2005 Introduction by Sherman Alexie

Ten years ago when I was visiting Indian students, I always met singers, dancers, painters and actors, but I did not meet that many young writers. But something quietly revolutionary has happened.  Thousands of young Indians are writing, and they are writing well. I was only the second generation in my family to regularly put pen to paper.  Authorship was…

2004 Introduction by Louise Erdrich

From my desk here in the city of Minneapolis, I hear a car alarm go off, buses shift gears, children shout from the playground of a nearby school. But all I have to do in order to enter the peace and strangeness of the Montana landscape is walk with Annie Tillery Waldow through a pasture gate. I am suddenly in…

2003 Introduction by Joseph Bruchach

Telling Their Own Stories Two thoughts came to me as I read these new writings by tribal college students. The first was how important it is to tell your own stories. Not only because no one can see the world as you do, but also because if you don’t tell your story someone else may tell a story about you….

2002 Introduction by Luci Tapahonso

The art of storytelling has always been strong in indigenous communities. Over the centuries, the form has evolved and exists now in many versions. This collection of student writing from various tribal colleges shows how dynamic this literary form is today. Although the students touch upon contemporary concerns, there exist nuances of the indigenous philosophies and teachings that are the…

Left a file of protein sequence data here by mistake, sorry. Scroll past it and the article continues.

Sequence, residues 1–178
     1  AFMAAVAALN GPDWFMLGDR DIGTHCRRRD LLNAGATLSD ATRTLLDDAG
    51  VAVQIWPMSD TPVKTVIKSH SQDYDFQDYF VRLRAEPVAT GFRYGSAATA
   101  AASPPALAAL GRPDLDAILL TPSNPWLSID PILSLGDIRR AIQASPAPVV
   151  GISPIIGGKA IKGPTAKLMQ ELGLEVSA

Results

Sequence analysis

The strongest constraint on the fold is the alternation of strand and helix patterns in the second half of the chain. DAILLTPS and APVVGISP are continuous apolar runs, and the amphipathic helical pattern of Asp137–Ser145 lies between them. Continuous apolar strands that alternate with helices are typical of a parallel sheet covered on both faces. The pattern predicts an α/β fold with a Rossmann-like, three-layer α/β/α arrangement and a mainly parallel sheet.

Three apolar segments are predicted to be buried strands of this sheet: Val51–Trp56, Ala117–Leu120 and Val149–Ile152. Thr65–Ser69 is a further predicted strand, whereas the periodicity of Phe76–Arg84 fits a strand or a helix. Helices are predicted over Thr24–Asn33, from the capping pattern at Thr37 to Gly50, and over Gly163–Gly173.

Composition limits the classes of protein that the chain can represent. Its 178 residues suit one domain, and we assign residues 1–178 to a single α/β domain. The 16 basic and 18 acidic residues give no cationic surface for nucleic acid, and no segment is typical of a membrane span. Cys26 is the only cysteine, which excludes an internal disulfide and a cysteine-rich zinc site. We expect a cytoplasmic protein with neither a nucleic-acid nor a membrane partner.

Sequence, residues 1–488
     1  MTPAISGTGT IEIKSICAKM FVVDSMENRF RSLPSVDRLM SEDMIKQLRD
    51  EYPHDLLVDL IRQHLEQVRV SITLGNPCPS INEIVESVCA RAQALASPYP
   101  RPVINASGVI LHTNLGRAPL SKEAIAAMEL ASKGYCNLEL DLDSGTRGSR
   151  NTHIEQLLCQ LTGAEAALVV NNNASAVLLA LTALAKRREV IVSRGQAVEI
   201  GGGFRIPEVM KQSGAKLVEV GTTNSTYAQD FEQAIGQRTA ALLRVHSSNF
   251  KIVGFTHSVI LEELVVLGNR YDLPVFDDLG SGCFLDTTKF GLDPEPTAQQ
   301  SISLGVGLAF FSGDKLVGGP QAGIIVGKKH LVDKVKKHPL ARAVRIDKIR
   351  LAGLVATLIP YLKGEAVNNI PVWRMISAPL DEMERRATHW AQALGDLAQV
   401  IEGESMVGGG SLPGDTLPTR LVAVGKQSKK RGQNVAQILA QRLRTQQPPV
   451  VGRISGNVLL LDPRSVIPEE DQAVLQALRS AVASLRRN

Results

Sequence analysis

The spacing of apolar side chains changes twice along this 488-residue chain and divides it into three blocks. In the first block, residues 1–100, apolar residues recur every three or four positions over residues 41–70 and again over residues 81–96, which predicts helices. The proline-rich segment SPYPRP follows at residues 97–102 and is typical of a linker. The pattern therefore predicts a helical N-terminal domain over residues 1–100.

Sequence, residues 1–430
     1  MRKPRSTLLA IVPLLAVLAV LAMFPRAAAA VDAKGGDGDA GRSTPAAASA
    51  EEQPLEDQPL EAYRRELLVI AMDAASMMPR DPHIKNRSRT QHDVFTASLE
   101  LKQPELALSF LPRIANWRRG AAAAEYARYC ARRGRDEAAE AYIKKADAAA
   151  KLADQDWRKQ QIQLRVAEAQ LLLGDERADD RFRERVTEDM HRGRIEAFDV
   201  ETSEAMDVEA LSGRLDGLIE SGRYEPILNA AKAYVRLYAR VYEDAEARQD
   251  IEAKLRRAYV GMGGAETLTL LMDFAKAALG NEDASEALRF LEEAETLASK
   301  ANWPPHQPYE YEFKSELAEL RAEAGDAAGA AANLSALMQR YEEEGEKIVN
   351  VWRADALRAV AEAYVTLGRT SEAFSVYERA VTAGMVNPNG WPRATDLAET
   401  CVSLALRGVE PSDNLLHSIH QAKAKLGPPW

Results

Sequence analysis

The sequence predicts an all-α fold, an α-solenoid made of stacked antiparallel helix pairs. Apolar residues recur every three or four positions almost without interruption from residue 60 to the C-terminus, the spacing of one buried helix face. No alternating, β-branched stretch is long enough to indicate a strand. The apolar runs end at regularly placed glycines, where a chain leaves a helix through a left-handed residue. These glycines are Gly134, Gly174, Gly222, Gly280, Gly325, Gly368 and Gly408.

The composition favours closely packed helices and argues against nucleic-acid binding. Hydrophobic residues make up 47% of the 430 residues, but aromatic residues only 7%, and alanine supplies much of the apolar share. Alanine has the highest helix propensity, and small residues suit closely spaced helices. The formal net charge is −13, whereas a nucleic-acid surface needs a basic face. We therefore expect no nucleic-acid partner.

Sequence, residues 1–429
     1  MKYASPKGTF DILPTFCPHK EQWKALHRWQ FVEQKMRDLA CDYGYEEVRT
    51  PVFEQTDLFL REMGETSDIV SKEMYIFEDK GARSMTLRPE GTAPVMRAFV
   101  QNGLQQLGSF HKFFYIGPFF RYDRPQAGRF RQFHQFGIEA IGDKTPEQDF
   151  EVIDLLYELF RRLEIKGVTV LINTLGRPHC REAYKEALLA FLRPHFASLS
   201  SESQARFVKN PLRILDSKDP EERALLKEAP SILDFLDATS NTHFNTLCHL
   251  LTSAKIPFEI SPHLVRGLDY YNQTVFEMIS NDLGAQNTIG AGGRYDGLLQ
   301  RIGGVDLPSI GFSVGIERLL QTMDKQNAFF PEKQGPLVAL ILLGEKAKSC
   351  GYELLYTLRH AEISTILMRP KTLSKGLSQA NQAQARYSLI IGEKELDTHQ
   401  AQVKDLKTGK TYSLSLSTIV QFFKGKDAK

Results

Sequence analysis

Racism

The very first time I experienced a racist incident was when I was in the seventh grade. It was the end of the summer when my family and I moved to this small town called Cando. I just couldn’t wait for school to start. I loved meeting new people. I was so excited the night before school started that I…

2001 Introduction by Jim Northrup

Boozhoo Biimaadiziig (Hello my fellow human beings). Bangii etago ninitaa-ojibwem idash, ninga-gagwejitoon ji ojbwemoyaan (I only know how to talk Ojibwe a little, but I’ll try). Jim Northrup niin indizhinikaaz zhaaganaashiimong (Jim Northrup is my name in the English language). Chi-beneshii indigo Ojibwemong (I am called Chi-beneshii in Ojibwe). Makwa niin nindoodem (My clan is bear). Naagachiwanong niin indoonjibaa (I…

2000 Introduction by Simon Ortiz

When it’s very, very quiet, we hear something. When we gaze into the distant landscape of desert or wooded hills or grassed prairie, we hear something. When a grandmother stops talking with her gentle soothing voice, we hear something. When we look into the farthest reaches of the night sky, we hear something. When we look at a tiny infant quietly asleep—or perhaps moving a tiny hand,…

1999 Introduction by Marjane Ambler

Of Innocence and Catharsis These are not the words of innocents. Don’t expect to find sweet love poems in this collection of writing by college students. The tribal college students write here about war and race, alcoholism and child abuse, death, humility and the challenges of raising children with special needs. The students have traveled many highways, and their writing reflects that rather than the protected lives…

1998 Introduction by James Welch

When I first started teaching a course on contemporary American Indian Literature back in the mid-seventies, I had to scratch and scrape to find enough writers of American Indian descent to fill up the time and space of one quarter’s worth of instruction. There was a core group – writers like Scott Momaday, Leslie Silko, Joy Harjo, Simon Ortiz –…

1997 Introduction by Marjane Ambler

The breath and blood of tribal college students flow through the pages that follow. The students represent different cultures, different colleges, and different generations, but they all take their writing seriously. Shanna Estigoy conveys their passion for writing when she says, “I will continue writing until my hand cripples and falls off.” These students’ writing differs markedly from college students’…